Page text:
Still another exception arises out of appellate reversals grounded on evidentiary insufficiency. Thus, in Burks v. United States,132 the appellate court set aside the defendant’s conviction on the basis that the prosecution had failed to rebut defendant’s proof of insanity. In directing that the defendant could not be retried, the Court observed that if the trial court “had so held in the first instance, as the reviewing court said it should have done, a judgment of acquittal would have been entered and, of course, petitioner could not be retried for the same offense. . . . [I]t should make no difference that the reviewing court, rather than the trial court, determined the evidence to be insufficient.”133 The policy underlying the clause of not allowing the prosecution to make repeated efforts to convict forecloses giving the prosecution another opportunity to supply evidence which it failed to muster in the first proceeding. On the other hand, if a reviewing court reverses a jury conviction because of its disagreement on the weight rather than the sufficiency of the evidence, retrial is permitted; the appellate court’s decision does not mean that acquittal was the only proper course, hence the deference required for acquittals is not merited.134 Also, the Burks rule does not bar reprosecution following a reversal based on erroneous admission of evidence, even if the remaining properly admitted evidence would be insufficient to convict.135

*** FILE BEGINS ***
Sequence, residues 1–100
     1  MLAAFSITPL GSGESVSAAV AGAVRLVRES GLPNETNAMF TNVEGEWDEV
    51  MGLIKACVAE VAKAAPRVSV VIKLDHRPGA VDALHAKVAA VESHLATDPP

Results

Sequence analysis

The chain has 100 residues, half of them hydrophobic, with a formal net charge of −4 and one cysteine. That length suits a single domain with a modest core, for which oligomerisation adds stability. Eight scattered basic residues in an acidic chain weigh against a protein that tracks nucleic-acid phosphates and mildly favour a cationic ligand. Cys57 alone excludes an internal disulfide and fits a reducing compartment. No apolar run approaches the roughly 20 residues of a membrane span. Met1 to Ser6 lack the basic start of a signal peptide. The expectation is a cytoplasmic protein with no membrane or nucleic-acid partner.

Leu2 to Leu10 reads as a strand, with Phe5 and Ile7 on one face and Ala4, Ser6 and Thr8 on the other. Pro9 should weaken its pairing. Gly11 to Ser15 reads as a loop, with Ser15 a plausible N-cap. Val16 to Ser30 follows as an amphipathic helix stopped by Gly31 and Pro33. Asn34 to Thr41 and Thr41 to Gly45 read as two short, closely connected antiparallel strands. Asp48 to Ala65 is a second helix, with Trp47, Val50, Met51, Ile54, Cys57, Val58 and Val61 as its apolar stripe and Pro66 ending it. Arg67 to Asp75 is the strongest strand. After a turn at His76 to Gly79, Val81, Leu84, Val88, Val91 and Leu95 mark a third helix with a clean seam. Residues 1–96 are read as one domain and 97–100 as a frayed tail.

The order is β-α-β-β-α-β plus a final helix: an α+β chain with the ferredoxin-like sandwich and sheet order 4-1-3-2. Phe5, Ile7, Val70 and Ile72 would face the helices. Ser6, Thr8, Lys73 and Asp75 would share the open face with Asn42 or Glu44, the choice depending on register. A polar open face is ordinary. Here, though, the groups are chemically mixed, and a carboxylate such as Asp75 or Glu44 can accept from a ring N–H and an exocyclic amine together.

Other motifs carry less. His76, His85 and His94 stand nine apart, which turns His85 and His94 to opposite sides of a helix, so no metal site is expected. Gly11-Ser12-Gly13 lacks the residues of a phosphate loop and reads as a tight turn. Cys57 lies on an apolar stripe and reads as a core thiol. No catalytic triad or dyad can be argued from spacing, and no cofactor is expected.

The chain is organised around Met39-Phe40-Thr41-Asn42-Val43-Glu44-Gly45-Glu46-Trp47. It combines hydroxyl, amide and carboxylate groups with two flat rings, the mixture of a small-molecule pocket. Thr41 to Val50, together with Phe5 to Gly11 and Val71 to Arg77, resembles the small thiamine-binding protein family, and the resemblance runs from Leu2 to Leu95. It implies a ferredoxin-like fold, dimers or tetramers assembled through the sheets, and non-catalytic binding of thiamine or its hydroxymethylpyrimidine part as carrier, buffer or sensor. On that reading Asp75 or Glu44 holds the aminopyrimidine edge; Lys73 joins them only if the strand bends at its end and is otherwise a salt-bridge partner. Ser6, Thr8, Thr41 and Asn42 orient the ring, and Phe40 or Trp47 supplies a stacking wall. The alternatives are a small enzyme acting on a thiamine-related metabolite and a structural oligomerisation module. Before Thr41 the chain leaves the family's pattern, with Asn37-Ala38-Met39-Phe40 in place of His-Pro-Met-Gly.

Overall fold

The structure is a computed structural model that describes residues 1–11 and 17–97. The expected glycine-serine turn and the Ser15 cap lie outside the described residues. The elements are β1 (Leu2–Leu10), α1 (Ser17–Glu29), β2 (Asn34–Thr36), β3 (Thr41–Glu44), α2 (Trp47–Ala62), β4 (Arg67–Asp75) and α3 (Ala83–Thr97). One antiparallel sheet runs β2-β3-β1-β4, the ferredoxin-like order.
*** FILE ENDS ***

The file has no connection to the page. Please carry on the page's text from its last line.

Sentence Increases.—The Double Jeopardy Clause protects against imposition of multiple punishment for the same offense.136 The application of the principle leads, however, to a number of complexities. In a simple case, it was held that where a court inadvertently imposed both a fine and imprisonment for a crime for which the law authorized one or the other but not both, it could not, after the fine had been paid and the defendant had entered his short term of confinement, recall the defendant and change its judgment by sentencing him to imprisonment only.137 But the Court has held that the imposition of a sentence does not from the moment of imposition have the finality that a judgment of acquittal has. Thus, it has long been recognized that in the same term of court and before the defendant has begun serving the sentence the court may recall him and increase his sentence.138 Moreover, a defendant who is retried after he is successful in overturning his first conviction is not protected by the Double Jeopardy Clause against receiving a greater sentence upon his second conviction.139 An exception exists with respect to capital punishment, the Court having held that government may not again seek the death penalty on retrial when on the first trial the jury had declined to impose a death sentence.140